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My Son Goes Away

My child arrived just the other day/he came to the world in the usual way/But there were planes to catch and bills to pay/ he learned to walk while I was away/And he was talkin' 'fore I knew it and as he grew/He'd say "I'm gonna be like you Dad/You know I'm gonna be like you."
"Cats in the Cradle" — Harry Chapin

Kerry stood by the window, looking outside, just hoping for a thunderstorm.

"Think we'll get lightning tonight, Dad?" he asked me.

I was knee deep in something — homework, work, trying to figure out how to rob Peter to pay Paul — something, anywhere but on lightning storms.

My mind did a quick shift: "Well, the weather forecast is calling for the possibility of storms, so there's definitely a chance," my overly Spock-like response came back.

"I sure hope we do," he said as he stood there in nothing but his boxer shorts. It was getting on his bedtime and somewhere along the way, he'd abandoned the idea of pajamas in favor of nothing but his skivvies as bedtime attire.

Leaning over from my desk-chair, I put my chin on his shoulder and peered out into the night sky with him. The dark night betrayed nothing of the clouds that may have been lurking unseen by our upward-looking eyes. Kerry turned his head ever so slightly.

"I know, Dad," he almost whispered into my ear, "let's check the Weather Channel and see if anything is coming."

We popped over to my computer and did a quick jump from my online class to the Weather Channel's maps.

"Look at all that by Cheyenne," my son said, a tone of wonderment befitting an eight-year-old punctuating his voice.

"Which direction is it heading?" I somewhat rhetorically asked him. I knew, but I didn't want our conversation to end.

We sat and discussed the direction of the storm — was it going to hit the town west of ours or was it going to make a beeline for us? A few minutes more of talk about the impending storm and Kerry returned to the window, both his hands on the glass, framing his head, the rim of his glasses and his nose the only distance between his face and the cold window. I studied the weather map a little longer.

"Dad," Kerry said.

"Yeah, bub," I called back to him.

Writers, it's almost always about writers — I started calling Kerry "bub" a long time ago, because that's what one of my favorite writers, Hunter S. Thompson, called everyone — bub. And Kerry, that"s short for Kerouac, my favorite writer of all time.

"I'm gonna miss you," he said.

"I'm gonna miss you too," I said back to him as I raised my arms and did a "come here" motion my son long ago learned meant to get over here and give his old man a hug. I held him, that tiny body shaking with equal parts night-chill and lust of the world. Just under 24 hours from that moment I was going to take this wonderful piece of my life, drive him to Denver, put him on a plane, and send him to his mother, my wife, separated from me due to the wind-shifting vagaries of the current economics of the world, in San Diego. When I would see him again: a long time from now, longer than is reasonable or right but no matter, it's what the heavens have deemed necessary at this moment.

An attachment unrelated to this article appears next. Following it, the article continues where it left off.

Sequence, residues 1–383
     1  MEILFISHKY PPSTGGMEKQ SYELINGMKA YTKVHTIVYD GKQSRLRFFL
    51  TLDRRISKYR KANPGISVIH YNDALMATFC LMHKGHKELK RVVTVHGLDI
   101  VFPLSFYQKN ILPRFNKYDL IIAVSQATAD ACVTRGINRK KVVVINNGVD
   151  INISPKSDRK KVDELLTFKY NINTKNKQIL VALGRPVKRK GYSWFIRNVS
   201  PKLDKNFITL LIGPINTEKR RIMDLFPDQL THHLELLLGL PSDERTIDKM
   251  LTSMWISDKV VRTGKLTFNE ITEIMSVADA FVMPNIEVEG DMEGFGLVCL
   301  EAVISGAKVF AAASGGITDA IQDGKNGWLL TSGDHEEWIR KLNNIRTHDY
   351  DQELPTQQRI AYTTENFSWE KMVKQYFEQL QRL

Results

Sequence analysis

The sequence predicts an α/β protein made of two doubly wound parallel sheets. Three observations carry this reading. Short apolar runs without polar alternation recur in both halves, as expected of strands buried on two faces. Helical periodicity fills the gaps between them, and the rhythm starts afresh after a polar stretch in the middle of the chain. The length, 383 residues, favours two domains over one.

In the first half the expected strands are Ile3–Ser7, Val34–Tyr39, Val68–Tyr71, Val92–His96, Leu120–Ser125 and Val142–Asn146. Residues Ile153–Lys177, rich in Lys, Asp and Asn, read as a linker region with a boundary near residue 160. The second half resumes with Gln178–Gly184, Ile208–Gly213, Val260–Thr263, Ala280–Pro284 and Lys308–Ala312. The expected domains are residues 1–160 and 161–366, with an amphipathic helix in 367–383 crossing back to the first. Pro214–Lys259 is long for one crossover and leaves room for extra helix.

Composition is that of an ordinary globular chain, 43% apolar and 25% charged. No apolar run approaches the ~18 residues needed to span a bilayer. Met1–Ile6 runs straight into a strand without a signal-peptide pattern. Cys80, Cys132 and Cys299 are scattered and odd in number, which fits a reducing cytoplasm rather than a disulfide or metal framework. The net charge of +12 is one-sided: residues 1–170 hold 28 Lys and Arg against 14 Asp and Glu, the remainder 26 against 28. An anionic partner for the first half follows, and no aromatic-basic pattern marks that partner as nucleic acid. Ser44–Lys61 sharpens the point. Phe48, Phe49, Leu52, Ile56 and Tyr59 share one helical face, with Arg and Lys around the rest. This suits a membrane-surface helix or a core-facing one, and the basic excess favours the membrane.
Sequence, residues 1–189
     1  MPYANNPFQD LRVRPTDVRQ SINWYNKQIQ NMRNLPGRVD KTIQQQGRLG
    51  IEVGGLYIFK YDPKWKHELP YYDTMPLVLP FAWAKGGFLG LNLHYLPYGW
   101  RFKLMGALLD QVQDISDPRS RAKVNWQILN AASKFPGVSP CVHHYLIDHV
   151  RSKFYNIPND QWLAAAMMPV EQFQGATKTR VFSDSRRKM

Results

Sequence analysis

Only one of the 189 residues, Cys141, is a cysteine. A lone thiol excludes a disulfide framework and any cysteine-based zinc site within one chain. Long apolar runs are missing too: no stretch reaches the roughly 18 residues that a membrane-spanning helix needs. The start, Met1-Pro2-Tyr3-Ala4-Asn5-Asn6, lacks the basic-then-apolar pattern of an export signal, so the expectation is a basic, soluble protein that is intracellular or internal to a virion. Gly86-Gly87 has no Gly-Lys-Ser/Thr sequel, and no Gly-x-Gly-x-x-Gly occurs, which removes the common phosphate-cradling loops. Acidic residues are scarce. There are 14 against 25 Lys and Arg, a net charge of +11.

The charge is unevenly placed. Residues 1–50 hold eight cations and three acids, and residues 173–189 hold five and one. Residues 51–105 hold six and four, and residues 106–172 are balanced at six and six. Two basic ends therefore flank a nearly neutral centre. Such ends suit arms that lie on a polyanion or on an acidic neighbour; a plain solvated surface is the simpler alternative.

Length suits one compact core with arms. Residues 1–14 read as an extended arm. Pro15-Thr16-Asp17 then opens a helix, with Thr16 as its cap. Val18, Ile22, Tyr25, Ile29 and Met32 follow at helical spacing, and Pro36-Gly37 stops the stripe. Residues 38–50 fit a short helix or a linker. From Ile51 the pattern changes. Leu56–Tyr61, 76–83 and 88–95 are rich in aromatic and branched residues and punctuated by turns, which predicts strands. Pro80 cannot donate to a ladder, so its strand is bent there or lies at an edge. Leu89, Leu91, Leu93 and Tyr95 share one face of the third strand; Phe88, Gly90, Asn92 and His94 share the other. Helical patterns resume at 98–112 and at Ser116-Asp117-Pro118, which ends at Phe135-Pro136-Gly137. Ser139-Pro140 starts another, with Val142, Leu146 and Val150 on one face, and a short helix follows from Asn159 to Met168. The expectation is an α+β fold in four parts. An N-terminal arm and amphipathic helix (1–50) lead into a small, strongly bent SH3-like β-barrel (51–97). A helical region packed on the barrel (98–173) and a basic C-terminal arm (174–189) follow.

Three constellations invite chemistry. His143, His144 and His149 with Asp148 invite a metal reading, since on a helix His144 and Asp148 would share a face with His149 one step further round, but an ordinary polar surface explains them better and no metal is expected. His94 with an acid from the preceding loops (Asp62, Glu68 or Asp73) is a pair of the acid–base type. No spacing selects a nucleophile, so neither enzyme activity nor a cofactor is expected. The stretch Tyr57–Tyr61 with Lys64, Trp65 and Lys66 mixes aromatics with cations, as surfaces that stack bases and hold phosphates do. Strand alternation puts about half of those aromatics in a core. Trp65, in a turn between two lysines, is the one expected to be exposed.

"Out-of-state Utah!" I yelled out as little man and I made our way to Denver and the waiting United Airlines flight that would take him to the other side of this country.

"No fair, Dad, you always see them before I do," came the disgruntled reply of my co-pilot.

"I've got my eyes on the road and paying attention," I smartly replied.

"Not fair!" Kerry said as he folded his arms underneath themselves and assumed a most grievously slighted stance.

"Oh come on now," I said back to his defensive position.

"You get them all! I never get one," he replied, his injured ego rearing its monstrous head.

"Dude, it's no big deal," I said trying to appease the demon of adolescence.

About Mr. B

  • Glenn Contrarian

    Benjamin -

    My youngest son just left home two weeks ago tonight. He’s staying with our family in the Philippines, and I miss him terribly. I taught him about my fear of the song “Cats in the Cradle” on more than one occasion – and he said, “You already told me about that, Dad.”

    We’ll see each other later this year, and I promised myself that I’ll buy him a new mitt so he and I could toss the ball around, so we can spend a day or so yakking about anything, everything, nothing at all.

    He and I both have ADD – so when we’re talking, we’re constantly ‘changing channels’, skipping from subject to subject to subject with no notice, no apparent connection to what was previously said…but the connections are obvious to the two of us, for we both know where our minds are. When we’re in a good mood (when I’m not lecturing him on this or that), our talks are like a frantic, anarchic dance, the rhythm of which is known only to the dancers…and at the end we’re both exhilarated, invigorated – my son tells me he wants to do jumping jacks or swim laps after such a talk. It’s like nothing else I’ve ever experienced. I hope you have such a connection with your kids.

    It does hurt terribly to not see him every day – I’m so doggone proud of him, but I worry about him each and every day. You know how it is with young men – they’re bulletproof and immortal. My wife and I did all we can, and we’re still trying, doggone it!

    Thanks for the article, Benjamin – it helps to remember that I’m not the only dad going through this….

  • http://joannehuspek.wordpress.com Joanne Huspek

    Very touching. I can tell you love him very much. The bad thing is that the leaving doesn’t get any easier the older they get. My son first went away at five – to visit Grandma in Minnesota. He’s now 23 and married and I still feel the same sadness when we part.